You’ve seen me rave about New Zealand and my experience with Stray Travel in the past couple posts and on Facebook, so its right that I dedicate a post reviewing Stray since they were the ones who made possible most of my experiences in the south island of New Zealand.
Stray is a guided hop-on-hop-off bus network that covers most areas of both islands in New Zealand. The way they differentiate themselves from other companies that do the same thing is by visiting exclusive locations that are out of the common tourist trail. They literally, stray.
How Stray Travel Works
At first, when I got my pass, I wasn’t really sure how to use it, but I’ll explain to you how it works. Stray offers a series of passes that include just the south island, north island, or both islands. After you buy your ticket, your pass will be valid for 12 months.
So, you have the option of hopping on and off for a much as you want during a year (within the stops included in your pass), spending long periods of time in each stop, or simply travel the country within a few days or weeks and use the bus as a guided service. The duration of your trip is up to you, and it is completely flexible.
You get a unique Stray customer number, which will allow you to go online (or email a Stray agent) and book the next desired bus, few buses, or the entire journey according to the route.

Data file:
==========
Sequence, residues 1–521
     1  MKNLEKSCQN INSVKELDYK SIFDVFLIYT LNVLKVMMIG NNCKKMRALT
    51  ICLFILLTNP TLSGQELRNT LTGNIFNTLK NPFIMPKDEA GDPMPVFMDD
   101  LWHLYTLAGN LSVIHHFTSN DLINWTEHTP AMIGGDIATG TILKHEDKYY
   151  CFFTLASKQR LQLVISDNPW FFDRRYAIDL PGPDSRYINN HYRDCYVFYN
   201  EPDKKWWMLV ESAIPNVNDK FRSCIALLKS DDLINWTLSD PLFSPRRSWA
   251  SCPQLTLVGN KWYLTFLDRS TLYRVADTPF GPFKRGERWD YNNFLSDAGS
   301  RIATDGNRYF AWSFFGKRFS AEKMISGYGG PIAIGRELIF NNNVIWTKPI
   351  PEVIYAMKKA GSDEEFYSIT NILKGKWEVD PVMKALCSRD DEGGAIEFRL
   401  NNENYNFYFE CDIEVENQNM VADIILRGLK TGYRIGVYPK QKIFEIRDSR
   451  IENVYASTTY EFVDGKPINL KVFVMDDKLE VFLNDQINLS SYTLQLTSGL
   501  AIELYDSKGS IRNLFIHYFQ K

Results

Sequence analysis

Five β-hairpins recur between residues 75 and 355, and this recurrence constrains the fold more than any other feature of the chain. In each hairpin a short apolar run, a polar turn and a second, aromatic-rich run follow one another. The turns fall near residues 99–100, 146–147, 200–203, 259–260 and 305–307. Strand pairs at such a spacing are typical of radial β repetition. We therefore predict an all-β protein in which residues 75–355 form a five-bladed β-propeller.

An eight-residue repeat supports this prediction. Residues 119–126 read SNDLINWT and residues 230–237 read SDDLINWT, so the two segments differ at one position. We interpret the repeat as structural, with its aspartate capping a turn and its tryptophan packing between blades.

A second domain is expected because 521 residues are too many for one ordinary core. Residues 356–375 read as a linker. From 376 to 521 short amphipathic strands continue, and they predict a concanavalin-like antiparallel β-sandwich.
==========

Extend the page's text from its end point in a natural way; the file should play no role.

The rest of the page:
While their bus reservation interface is not that difficult to manage, it needs to improve a bit in the smoothness of the booking process. After that, all you need to do is show up at the pickup place at the indicated time and you’ll see their orange bus in no time.
It is important to note that the pass only includes the bus. No accommodation, food, or activities are included in it.
Stray offers tours, which include some of the activities, food, and all accommodations; but, I guess maybe most travelers just use the bus pass to have the flexibility to stay anywhere on the way for as long as they want. (At least all travelers who I met on the bus were using passes and not tours.)
The bus passes don’t include accommodation but Stray guarantees availability of up to 4 nights of accommodation per location to their passengers (at a specific hostel), so you don’t need to worry about booking a place in advanced (this is very good if you’re traveling in high season).